We sat down with partner Jeremy Carman of Long Shot Hospitality—the team behind The Salt Line—to dig into why they chose Navy Yard, what makes them tick, what it’s like to have a Washington Nationals player as an investor, and their fast rise to the top echelons of DC dining.

First, what makes the location of The Salt Line so special? What is your first impression of the Navy Yard neighborhood? 

We’ve all been in DC for a long time, and even five to 10 years ago, the idea of opening a waterfront restaurant on the Anacostia [River] would have met serious skepticism. Even when we first started kicking the tires on the project in late 2014, we weren’t sure if the neighborhood could sustain beyond gameday business. It’s been an incredible experience to be a part of the growth of the neighborhood and to see the waterfront emerge as a great amenity for both the neighborhood and residents from all over the city. The neighborhood is so much more than just Nationals Park, and anyone who spends time down here immediately realizes why so many people are flocking to this neighborhood.

The Long Shot Hospitality team has varied backgrounds. How did you come together? Why does it seem to work so well?

The team has come together over the course of 12 years, with Paul Holder and myself first partnering in 2005, and as we’ve grown we’ve also evolved as restaurateurs. As we grow and encounter different life experiences, it shapes the type of restaurants we want to own and operate. The places we wanted to own when we were in our late 20s are different than what we want to operate now (or were capable of doing 10 years ago). Our different experiences really complement each other, and while we all have opinions, we respect each other’s lanes and the insights we can each bring on different areas of operations. 

What has it been like to partner with Heather and Ryan Zimmerman on the project?

The Zimmermans have been great friends and investors. We have known each other for quite a while at this point and it’s been fun to have them involved. They both love the restaurant community in the DC area, and are really into food and beverage. They have both been great advocates for the restaurant, and we think that we’ve put forth a restaurant they (and all the other investors) can be proud of.

How often do Nationals players and their families make it over to the restaurant?

We see the families regularly throughout the season, and occasionally the players, depending on off-days and pitching schedules. We hosted the team for a private celebration the night they clinched the NL [National League] East.

What are you looking forward to most after opening in Navy Yard?

We’re looking forward to catching our breath in the off-season and really just being a neighborhood restaurant for all our great neighbors. There’s a lot more we can do creatively during the winter season without all the crowds that swell on game days, and I think our neighbors will be excited to see some of our upcoming fall/winter menu offerings.

Which purveyors do you regularly work with? 

Well, we have great relationships with a lot of local purveyors, but one that stands out is our partnership with Old Line Fish Co. Once or twice a week, the team at Old Line brings us the catch of local watermen without us really knowing what’s coming. Rather than asking them to go out and bring us something specific, they bring us their day’s catch and we work it into our program: rockfish, eels, soft shells, perch, monkfish, soft shell clams, etc. This is a model that Chef Kyle Bailey really loves as it’s supply driven instead of demand. It also keeps the kitchen team on their toes!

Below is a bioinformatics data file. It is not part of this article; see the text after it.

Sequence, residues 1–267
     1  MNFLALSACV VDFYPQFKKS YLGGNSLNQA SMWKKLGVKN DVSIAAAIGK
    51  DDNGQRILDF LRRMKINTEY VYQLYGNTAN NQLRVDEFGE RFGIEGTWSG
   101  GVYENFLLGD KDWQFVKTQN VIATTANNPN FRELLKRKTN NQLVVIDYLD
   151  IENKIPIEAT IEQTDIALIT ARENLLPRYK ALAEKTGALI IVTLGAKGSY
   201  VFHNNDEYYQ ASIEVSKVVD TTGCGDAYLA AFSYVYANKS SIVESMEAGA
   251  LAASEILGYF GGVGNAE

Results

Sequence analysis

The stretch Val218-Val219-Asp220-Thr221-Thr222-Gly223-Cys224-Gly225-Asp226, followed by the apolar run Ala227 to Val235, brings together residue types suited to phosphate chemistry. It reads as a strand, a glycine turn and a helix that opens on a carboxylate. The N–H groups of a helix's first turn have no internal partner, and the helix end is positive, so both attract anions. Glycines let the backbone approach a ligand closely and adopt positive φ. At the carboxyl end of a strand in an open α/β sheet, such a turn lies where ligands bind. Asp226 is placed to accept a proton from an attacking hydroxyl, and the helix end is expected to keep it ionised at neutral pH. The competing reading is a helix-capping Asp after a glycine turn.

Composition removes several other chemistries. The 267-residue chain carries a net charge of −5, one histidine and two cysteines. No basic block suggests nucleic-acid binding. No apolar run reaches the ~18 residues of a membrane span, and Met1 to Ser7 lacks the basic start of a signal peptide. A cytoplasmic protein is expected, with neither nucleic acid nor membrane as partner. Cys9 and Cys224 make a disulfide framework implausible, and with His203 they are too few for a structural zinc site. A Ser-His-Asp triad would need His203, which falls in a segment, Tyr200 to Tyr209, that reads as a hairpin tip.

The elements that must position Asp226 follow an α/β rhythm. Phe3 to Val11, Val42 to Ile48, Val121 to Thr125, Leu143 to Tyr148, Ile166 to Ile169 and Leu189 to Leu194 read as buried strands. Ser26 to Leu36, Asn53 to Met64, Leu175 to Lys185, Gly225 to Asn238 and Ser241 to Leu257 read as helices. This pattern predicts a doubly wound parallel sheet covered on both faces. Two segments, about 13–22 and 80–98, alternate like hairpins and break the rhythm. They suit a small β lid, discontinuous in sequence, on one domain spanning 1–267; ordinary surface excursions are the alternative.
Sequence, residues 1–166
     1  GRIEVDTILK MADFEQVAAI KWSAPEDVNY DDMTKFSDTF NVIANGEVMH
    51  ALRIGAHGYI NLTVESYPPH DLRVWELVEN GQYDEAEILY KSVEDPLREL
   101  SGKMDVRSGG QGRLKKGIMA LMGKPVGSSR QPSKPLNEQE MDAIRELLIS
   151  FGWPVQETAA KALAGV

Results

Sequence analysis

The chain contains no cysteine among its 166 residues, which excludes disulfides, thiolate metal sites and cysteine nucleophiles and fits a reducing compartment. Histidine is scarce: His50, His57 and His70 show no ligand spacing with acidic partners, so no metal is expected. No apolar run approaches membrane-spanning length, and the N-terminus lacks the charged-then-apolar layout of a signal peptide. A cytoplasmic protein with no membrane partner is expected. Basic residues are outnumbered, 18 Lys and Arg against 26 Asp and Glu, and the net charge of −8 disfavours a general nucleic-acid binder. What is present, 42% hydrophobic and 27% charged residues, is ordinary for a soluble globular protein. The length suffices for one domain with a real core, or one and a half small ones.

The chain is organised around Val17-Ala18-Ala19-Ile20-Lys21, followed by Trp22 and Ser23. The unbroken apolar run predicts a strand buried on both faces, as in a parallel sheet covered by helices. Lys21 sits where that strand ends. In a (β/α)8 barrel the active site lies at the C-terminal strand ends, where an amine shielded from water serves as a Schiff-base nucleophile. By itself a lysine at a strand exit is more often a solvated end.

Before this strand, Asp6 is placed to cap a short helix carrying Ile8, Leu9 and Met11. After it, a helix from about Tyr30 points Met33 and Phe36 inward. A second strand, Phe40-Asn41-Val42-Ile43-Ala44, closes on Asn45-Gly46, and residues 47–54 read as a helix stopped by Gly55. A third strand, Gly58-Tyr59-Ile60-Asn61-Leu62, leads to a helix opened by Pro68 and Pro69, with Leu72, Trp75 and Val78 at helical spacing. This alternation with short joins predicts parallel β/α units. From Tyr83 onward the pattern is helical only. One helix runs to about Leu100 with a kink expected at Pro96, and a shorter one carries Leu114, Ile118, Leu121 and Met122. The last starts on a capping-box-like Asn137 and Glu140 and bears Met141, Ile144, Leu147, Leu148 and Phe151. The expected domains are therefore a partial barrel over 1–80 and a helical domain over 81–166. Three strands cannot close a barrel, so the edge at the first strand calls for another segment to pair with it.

Can you speak more about the restaurant’s commitment to sustainability and any partnerships you may have? 

We have partnered with Dock-to-Dish to be the founding restaurant in the DC area. The program first launched in New York, and has now also spread to LA and Vancouver, and includes other partners like Dan Barber and Michael Cimarusti. The program embodies a CSA [community supported agriculture] type model championed by farms in which we try to encourage local fisherman to source us their day’s catch. It cuts out touches and middlemen, offers a fisherman a better wage, and helps us truly know where our fish is coming from.

How was it receiving three out of four stars from Tom Sietsema of The Washington Post?

It was an incredible honor. There was a lot of planning and time that went into this restaurant from inception, and we spent over two years trying to bring it to life. To see it all come to fruition, and to then be received enthusiastically by our guests, and to be recognized with three stars by Mr. Sietsema, is certainly the high point of our careers thus far. Beyond all that, though, my favorite part of the review process was seeing how happy the entire team was when they saw it. Everyone here worked so hard those first several months, and to be rewarded with a positive review really tied all that hard work together.

Finally, for someone visiting for the first time, what is the dish they cannot miss?

The Johnny Cake is the sleeper dish on the menu. It’s a cornmeal pancake that is cooked in cast iron, which makes it crispy on the outside and soft in the middle. It’s topped with smoked whitefish salad, honey butter, and marinated salmon roe. The perfect combination of crispy, salty, savory, and sweet.

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